Even leadership based on duty and upon responsibility can become detached from human interaction. Leadership can be depersonalized or detached from human suffering and hardship. Bearing responsibility and attending to duty can become very ideological but not interpersonal. Assisting other people with their needs is one thing, but empathizing with them is quite another. People want to be heard and want to know that their pain and suffering are felt by others. They want to know that their needs are close to a leader’s heart and not just carried upon his shoulders.


When Things Break Down

The kohen gadol also wore a gold plate, or tzitz, upon his upper forehead. This ornament was embossed with the phrase “kodesh laHashem,” which signaled the higher religious consciousness demanded of a kohen. Wearing the name of Hashem upon his front lobe helped the kohen gadol maintain religious focus and avoid silly distractions.

However, beyond religious focusing, the tzitz provided a safety net for ritual malfunction in the Mikdash. Sacrifices that become ritually impure—even by accident—are disqualified. However, if the tzitz is being worn by the kohen gadol, impure sacrifices may still be processed. Sacrifices that had become impure could still be offered, as long as the tzitz was being worn by the kohen gadol. The korban may be impure and the mitzvah impaired, but Hashem’s presence in the Mikdash remains unaffected. It remains solidly represented by the words emblazoned upon the forehead of the kohen gadol. By our recognizing Hashem’s presence, the impure korban is decontaminated and resuscitated.

A leader must appreciate human weakness. Humans will always fall short of their goals, as they struggle and stumble through the religious odyssey. The road to religious success will be paved with some impurity. At low moments people look to leaders for quiet confidence and unwavering faith, not for scolding and rebuke. The kohen must assure us that despite human frailty and repeated failure, Hashem is still part of our Mikdash and still within our hearts. The kohen announces that we remain “kodesh laHashem” even when we fail.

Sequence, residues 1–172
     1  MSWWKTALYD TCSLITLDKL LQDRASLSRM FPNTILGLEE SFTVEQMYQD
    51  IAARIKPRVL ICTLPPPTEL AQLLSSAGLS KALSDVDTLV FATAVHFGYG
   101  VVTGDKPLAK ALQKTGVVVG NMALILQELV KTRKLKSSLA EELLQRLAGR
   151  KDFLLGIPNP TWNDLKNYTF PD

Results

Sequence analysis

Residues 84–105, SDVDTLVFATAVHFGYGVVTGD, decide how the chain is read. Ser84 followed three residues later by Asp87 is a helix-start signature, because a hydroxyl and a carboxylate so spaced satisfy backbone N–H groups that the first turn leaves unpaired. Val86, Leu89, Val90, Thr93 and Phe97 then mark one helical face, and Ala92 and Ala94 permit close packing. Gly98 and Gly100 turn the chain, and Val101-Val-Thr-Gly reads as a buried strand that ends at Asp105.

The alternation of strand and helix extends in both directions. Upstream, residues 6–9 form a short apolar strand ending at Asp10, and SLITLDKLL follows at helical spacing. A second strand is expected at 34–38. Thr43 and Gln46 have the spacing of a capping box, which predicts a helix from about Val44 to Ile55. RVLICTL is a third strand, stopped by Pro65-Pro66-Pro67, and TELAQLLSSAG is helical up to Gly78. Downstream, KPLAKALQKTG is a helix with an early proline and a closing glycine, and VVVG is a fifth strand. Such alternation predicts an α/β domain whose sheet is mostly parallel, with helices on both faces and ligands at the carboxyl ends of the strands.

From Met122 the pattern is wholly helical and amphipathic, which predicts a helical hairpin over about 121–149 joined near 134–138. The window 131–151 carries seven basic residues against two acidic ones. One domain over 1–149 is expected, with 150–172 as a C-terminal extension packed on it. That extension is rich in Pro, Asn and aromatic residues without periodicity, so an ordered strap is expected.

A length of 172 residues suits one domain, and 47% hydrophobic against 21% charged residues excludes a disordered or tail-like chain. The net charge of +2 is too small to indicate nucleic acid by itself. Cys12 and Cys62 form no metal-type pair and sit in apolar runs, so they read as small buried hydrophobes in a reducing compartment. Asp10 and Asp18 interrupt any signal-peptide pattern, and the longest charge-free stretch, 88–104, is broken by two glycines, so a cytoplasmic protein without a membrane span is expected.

Deflecting Attention

The kohen gadol also wore a pure techelet-dyed robe or me’il on top of his clothing. This striking bluish hue radiated nobility and beauty. The bottom hem of this long robe-like “me’il” was hemmed with bells and pomegranate-shaped fringes. As the kohen gadol walked through the quiet privacy of the Mikdash, the bells clanged against the pomegranate-shaped fringes and produced sound.

A kohen gadol might feel too comfortable in the Mikdash. As groups of regular kohanim shifted in and out of the Mikdash on a weekly basis, the kohen gadol was the only regular who permanently remained in the Mikdash. He spent much time walking alone in the Mikdash; in many situations, entry of other kohanim was barred.

These clanging bells metaphorically signal that the kohen gadol must announce his presence as he strolls through the Mikdash. Despite his stature and his permanent presence in the Mikdash, he too was just a visitor who must knock (or the equivalent) wherever he walked.

Regrettably, leadership sometimes becomes too comfortable and people’s egos swell. Every leader serves something larger than themselves. In the example of a religious leader, that larger “element” is, of course, Hashem. Some people in leadership positions direct attention to themselves or do not do enough to deflect attention from themselves. A genuine leader sidetracks his own personality and redirects attention to something greater than himself. By behaving “as a visitor,” the kohen gadol diverted any notion of his own celebrity.

The L-word, or the concept of leadership, can play on people’s egos and prey on their need for attention. Leadership has little to do with influence or decision making. It has more to do with bearing responsibility, demonstrating deep empathy, bracing people at their weakest moments and directing public attention away from yourself.

The writer is a rabbi at Yeshivat Har Etzion/Gush, a hesder yeshiva. He has semicha and a BA in computer science from Yeshiva University as well as a master’s degree in English literature from the City University of New York.